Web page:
This guideline is intended for septic pumping tank truck operators and as general information for homeowners or septic service companies concerned with septic system care.
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A Photographic Guide to Pumping a Septic Tank
After septic tank pumping or perhaps better, after both pumping and wash-down, the empty septic tank is inspected for damage such as damaged or missing baffles, cracks, or holes. The right hand photo shows the septic tank intake baffle viewed from the cleanout port.
Warning: do not enter nor lean into the septic tank. We obtained this view using a remote digital camera to see the condition of the tank baffles. If the tank is cracked or the baffles missing or damaged, repairs may be needed.
Watch out: Do not enter the septic tank as doing so is likely to cause death by asphyxiation by methane gas in the tank. Even leaning over a septic tank, even one that has been pumped, is dangerous. You can be asphyxiated and fall in. Also, do not work alone.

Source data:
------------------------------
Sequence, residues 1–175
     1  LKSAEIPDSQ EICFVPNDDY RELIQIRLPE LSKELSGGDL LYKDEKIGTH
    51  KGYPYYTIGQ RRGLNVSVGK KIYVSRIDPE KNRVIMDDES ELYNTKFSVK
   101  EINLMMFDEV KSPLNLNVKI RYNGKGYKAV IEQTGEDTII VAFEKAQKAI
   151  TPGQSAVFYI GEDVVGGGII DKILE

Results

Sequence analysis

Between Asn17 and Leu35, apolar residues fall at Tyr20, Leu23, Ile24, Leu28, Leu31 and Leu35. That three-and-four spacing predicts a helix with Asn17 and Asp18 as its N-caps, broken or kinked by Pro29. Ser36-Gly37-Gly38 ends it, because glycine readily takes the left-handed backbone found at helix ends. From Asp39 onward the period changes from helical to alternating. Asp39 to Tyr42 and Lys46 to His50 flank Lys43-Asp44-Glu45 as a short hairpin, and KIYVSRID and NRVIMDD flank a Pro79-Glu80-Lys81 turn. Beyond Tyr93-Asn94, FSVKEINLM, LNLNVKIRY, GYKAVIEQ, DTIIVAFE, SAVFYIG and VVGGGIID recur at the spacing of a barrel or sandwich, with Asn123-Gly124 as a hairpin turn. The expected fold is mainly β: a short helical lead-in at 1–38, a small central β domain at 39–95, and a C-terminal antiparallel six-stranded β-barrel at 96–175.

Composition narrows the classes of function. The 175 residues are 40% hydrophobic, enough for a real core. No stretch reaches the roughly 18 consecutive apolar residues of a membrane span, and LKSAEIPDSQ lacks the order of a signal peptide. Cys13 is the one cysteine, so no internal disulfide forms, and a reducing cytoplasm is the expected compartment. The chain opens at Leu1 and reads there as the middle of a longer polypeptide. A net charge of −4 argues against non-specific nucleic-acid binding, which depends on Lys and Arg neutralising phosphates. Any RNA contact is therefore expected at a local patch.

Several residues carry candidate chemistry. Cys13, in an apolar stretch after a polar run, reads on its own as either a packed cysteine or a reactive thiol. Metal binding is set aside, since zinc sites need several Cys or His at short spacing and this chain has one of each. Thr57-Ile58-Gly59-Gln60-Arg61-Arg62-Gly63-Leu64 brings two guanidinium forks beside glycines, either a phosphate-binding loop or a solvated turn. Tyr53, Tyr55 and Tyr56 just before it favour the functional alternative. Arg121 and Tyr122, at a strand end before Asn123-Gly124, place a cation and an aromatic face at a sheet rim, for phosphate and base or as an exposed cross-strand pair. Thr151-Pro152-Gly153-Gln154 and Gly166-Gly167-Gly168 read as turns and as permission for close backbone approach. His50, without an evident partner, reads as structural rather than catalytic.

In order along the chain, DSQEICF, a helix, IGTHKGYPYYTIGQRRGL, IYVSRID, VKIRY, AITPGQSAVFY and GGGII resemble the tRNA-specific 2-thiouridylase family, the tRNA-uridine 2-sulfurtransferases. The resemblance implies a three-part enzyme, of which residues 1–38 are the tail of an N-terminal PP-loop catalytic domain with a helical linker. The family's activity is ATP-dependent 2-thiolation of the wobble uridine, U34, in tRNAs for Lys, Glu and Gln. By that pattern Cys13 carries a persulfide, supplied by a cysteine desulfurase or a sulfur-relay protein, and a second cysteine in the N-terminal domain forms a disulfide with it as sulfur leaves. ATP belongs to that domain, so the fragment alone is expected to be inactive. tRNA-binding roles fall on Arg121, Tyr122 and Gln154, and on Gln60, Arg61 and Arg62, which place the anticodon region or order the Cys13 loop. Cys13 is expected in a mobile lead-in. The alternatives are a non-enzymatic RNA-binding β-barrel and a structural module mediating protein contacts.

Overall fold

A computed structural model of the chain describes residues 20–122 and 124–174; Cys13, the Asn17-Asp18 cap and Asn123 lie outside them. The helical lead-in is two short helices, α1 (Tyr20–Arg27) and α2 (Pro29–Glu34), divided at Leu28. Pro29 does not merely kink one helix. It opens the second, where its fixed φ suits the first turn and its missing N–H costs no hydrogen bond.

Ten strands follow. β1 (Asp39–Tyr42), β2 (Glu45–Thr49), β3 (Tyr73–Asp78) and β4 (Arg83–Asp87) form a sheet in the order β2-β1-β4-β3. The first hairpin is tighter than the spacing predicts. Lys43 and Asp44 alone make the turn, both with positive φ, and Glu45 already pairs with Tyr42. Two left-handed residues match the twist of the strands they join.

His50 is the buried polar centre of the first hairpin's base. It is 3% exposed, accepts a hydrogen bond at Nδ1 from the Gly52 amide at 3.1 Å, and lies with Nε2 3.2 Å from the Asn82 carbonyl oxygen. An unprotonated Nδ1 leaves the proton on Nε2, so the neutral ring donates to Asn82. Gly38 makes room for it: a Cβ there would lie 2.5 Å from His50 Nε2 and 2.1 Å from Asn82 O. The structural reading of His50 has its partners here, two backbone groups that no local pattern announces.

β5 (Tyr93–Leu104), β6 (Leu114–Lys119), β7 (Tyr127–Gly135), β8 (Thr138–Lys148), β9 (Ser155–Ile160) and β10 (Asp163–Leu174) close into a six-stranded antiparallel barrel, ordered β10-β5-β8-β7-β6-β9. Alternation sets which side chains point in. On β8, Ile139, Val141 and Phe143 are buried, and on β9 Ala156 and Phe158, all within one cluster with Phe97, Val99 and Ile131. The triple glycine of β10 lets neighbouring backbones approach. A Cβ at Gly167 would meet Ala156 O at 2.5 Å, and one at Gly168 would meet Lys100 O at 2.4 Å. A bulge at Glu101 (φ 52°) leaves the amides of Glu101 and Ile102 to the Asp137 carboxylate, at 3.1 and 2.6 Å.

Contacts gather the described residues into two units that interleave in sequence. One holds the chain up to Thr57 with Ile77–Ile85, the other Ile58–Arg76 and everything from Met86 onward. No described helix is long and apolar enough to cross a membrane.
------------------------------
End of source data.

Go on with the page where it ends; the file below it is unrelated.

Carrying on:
Special breathing equipment and other safety measures are needed if a tank needs to be emptied.
Citation of this article by reference to this website and brief quotation for the sole purpose of review are permitted. Use of this information at other websites, in books or pamphlets for sale is reserved to the author. Technical reviewers are welcome and are listed at "References." This is a chapter of Inspecting, Testing, & Maintaining Residential Septic Systems an online book on septic systems.
Inspect the Cleaned-Out Septic Tank for These Problems